Does It Pay to Go to College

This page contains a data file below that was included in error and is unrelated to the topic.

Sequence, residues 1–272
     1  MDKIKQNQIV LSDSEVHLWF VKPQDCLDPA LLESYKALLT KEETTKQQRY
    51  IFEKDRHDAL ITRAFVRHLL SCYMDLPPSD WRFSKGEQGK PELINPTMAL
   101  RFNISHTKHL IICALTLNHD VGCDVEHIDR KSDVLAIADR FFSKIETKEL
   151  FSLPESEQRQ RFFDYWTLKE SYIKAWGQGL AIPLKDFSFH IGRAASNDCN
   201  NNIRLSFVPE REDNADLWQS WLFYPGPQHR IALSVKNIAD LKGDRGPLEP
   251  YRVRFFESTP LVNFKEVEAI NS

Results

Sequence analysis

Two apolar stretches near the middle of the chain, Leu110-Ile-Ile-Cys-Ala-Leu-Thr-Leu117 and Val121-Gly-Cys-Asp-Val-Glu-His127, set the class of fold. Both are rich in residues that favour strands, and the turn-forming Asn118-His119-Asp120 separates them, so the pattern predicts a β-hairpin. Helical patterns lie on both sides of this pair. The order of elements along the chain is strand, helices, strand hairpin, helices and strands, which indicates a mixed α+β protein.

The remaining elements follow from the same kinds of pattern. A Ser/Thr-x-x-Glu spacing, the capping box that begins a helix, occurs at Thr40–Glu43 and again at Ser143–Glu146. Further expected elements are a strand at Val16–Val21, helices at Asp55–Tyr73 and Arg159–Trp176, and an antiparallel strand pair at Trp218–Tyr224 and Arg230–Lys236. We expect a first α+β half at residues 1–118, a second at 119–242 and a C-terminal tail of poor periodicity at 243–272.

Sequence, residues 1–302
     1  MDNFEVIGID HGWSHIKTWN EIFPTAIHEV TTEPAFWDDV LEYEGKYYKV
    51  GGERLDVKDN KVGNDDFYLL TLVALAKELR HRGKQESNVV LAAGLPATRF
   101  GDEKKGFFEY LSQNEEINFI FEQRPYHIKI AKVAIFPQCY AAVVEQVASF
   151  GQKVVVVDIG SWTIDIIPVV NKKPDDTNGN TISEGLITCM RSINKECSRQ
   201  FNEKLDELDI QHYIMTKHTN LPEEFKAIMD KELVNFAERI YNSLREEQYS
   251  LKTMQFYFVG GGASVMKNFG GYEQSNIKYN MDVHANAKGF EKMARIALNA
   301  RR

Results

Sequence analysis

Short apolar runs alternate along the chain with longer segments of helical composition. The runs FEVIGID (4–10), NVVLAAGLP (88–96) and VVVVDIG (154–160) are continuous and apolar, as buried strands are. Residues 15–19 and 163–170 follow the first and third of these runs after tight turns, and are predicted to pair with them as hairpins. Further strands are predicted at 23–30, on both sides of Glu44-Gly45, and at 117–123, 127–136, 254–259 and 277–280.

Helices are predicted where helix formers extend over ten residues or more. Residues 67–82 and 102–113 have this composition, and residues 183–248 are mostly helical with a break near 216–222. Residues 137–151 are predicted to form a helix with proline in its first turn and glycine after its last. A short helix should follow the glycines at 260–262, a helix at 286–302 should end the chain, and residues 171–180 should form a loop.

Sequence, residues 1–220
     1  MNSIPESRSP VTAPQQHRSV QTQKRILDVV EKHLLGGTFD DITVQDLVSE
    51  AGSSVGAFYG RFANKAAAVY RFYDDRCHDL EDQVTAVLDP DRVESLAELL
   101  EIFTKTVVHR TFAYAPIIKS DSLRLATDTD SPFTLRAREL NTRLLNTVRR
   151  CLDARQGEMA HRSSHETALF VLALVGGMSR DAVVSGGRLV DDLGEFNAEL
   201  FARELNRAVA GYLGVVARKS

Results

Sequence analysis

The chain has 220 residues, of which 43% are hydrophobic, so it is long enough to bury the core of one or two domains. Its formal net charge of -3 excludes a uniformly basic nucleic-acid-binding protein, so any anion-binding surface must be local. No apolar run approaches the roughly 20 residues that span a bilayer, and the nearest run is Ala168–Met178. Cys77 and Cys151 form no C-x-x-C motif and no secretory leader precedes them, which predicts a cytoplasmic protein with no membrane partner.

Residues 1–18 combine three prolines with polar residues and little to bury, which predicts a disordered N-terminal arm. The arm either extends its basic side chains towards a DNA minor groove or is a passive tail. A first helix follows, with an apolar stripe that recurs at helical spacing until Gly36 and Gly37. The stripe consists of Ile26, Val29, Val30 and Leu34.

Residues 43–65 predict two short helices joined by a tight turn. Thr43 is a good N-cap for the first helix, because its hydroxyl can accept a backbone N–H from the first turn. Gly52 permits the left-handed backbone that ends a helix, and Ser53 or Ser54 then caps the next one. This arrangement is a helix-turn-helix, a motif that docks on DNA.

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Does it pay to go to college? That's a rude question, of course. It's a question parents don't want to ask if they've just written the big checks. Nor do students want to ask it if they've just borrowed the money for their next semester. If you check the College Board's Web site (.pdf file), you'll find a reassuring study indicating that education really does pay. Without considering the intangibles, the study says each additional level of education draws a higher lifetime income. While the median high school graduate age 25 and older earns $26,300, the median college graduate age 25 and older earns $42,200. That's an annual income premium of $15,500, or 59%. Not bad, particularly when you consider that the difference also allows you to escape doing heavy lifting. * Talk back: Do you think a college education is worth the money? Yes, the college grad will spend years paying off her loans. But eventually her earnings net of loan payments will pull ahead of the high school graduate's. So, case closed. It may hurt to write the checks, or borrow, but college pays. Well, maybe not. According to the College Board, it takes 14 long years before the four-year college grad's income, net of loan payments, starts to beat what the high school grad earns. During all those 14 years, college doesn't pay. High school pays. More from MSN Money * Your 5-minute guide to college costs * Simple ways to make college cheaper * The best values in private colleges * The 50 best values in public colleges * 6 reasons not to save for your kids' college The real question is not which choice pays on an annual basis, but which choice pays on a lifetime basis? Which choice permits a higher lifetime living standard? That's a question the board conveniently doesn't ask or answer. Tuition inflation runs deep The answer depends on the costs of borrowing and

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